(64 S. E. 2d 636); Johnson v. Johnson, 96 Ga. App. 84
(99 S. E. 2d 352), and citations.
The employer and insurer concede that the above is correct but contend that the claimant was also unable to contract a valid marriage because she had a living husband at all times since her marriage to Dewey J. Hill on October 5, 1919, and that therefore the claimant was herself unable to contract a valid marriage so that the cohabitation of the claimant and the deceased could not have ripened into a valid marriage when Leona Craft divorced the deceased.
Such contention is without merit. In 1957 the General Assembly enacted the following statute: "1. Previous marriage undissolved. The dissolution of a previous marriage in divorce proceedings must be affirmatively established and will not be presumed." Code 52-102 as amended by the act of 1957 (Ga. L. 1957, p. 83). In Liberty Mutual Ins. Co. v. Ellis, 99 Ga. App. 486
(109 S. E. 2d 70), Judge Quillian, now Justice Quillian, said with regard to such section, "The language of the quoted Code section is explicit that where there is proof that one of the parties to a ceremonial marriage has a living spouse, there is no presumption that a divorce has been previously granted dissolving the former marriage." In New Amsterdam Cas. Co. v. Thompson, 100 Ga. App. 677
, 685 (112 S. E. 2d 273), the language to the effect that under such act the burden of proving that any prior marriage has been dissolved is upon the party asserting a dissolution is too broad for it is only where there is evidence of a living spouse that such rule comes into play, and the general rule, as exemplified by the holding of the Supreme Court in Murchison v. Green, 128 Ga. 339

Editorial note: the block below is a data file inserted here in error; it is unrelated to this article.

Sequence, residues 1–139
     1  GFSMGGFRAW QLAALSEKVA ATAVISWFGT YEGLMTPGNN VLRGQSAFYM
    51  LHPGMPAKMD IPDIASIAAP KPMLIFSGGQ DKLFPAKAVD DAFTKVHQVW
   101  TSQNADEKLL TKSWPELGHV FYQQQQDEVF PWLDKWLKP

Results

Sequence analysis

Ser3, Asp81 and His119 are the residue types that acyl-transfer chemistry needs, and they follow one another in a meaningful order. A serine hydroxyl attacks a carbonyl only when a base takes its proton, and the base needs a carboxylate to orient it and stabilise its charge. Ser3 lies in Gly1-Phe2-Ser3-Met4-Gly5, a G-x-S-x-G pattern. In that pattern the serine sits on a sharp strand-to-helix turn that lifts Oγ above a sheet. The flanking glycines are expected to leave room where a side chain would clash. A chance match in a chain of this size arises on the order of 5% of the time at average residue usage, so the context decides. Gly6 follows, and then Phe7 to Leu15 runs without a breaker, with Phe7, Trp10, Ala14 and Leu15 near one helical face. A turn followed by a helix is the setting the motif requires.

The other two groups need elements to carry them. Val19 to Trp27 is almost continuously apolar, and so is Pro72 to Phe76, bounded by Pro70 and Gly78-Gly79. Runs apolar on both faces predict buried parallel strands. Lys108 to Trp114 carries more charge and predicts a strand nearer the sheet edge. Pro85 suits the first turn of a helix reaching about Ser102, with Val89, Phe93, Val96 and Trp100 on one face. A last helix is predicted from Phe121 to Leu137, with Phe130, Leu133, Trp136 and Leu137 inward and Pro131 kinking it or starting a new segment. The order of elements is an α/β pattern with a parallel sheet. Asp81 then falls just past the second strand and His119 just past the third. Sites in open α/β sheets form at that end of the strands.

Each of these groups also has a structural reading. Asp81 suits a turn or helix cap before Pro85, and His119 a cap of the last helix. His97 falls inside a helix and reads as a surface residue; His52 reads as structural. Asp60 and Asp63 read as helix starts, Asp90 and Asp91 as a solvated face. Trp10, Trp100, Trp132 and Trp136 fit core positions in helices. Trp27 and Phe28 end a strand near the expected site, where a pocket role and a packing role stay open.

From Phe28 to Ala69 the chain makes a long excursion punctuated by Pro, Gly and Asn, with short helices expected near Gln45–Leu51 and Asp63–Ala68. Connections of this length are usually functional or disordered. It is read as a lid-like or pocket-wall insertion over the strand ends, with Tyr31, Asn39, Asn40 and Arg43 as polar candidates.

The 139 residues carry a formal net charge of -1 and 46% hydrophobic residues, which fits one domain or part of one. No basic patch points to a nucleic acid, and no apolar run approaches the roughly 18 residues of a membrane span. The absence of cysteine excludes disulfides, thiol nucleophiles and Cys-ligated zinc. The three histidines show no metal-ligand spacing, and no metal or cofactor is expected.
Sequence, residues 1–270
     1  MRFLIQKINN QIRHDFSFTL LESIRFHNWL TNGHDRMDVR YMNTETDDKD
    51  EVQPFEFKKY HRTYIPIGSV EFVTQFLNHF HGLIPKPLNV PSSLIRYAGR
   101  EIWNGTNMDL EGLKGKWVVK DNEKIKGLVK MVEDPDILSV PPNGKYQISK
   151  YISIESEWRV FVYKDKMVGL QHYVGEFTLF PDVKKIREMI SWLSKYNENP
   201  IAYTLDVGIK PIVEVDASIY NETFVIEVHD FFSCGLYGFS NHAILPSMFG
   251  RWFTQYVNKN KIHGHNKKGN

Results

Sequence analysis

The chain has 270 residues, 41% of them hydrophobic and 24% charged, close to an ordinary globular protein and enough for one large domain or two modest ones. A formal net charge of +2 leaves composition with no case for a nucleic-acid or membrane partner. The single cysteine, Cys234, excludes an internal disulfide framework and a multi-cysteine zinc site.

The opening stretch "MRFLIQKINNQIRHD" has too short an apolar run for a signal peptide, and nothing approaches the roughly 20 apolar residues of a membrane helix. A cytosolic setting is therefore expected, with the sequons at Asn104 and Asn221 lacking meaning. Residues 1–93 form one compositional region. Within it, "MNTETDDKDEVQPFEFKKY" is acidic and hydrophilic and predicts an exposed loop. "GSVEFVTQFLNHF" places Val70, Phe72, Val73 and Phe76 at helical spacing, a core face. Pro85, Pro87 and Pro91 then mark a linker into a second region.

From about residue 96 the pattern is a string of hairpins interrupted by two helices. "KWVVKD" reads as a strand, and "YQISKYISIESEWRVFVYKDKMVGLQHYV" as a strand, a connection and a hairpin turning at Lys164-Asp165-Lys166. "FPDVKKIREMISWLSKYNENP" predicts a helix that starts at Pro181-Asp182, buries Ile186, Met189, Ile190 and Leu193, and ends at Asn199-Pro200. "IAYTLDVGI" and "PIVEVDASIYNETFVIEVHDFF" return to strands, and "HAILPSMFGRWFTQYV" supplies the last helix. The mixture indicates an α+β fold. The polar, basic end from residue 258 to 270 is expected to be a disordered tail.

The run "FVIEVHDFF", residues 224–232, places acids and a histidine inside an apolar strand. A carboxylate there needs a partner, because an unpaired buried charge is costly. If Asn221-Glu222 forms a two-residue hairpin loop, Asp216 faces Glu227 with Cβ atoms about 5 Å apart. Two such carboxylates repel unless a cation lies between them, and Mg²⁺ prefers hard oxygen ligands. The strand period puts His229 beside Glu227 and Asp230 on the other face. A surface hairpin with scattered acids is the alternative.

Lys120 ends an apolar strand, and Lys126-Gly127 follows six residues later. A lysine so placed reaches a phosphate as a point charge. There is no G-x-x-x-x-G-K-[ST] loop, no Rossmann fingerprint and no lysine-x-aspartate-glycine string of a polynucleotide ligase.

(57 S. E. 709, 11 L.R.A. (NS) 702), is modified.
Claimant proved a ceremonial marriage to the deceased and no evidence that Hill was still in life was adduced. When the claimant introduced evidence of a ceremonial marriage to the deceased a presumption arose that such marriage was valid, and the burden of evidence (not the burden of proof which remains the same throughout the case, Central of Ga. Ry. Co. v. Hes- ter, 94 Ga. App. 226
, 94 S. E. 2d 124, and citations), shifted to the employer and the insurer. If evidence had been adduced to show that Hill, the claimant's first husband, was alive, then the burden of evidence would have reverted to the claimant to show that such marriage had been dissolved by divorce. However, mere evidence of the fact claimant had been previously married would not shift the burden to the claimant, for the presumption that the marriage of the claimant to the deceased was valid was not overcome or even rebutted. The award of compensation was authorized, and the superior court did not err in affirming such award.
Judgment affirmed. Carlisle, P. J., and Eberhardt, J., concur.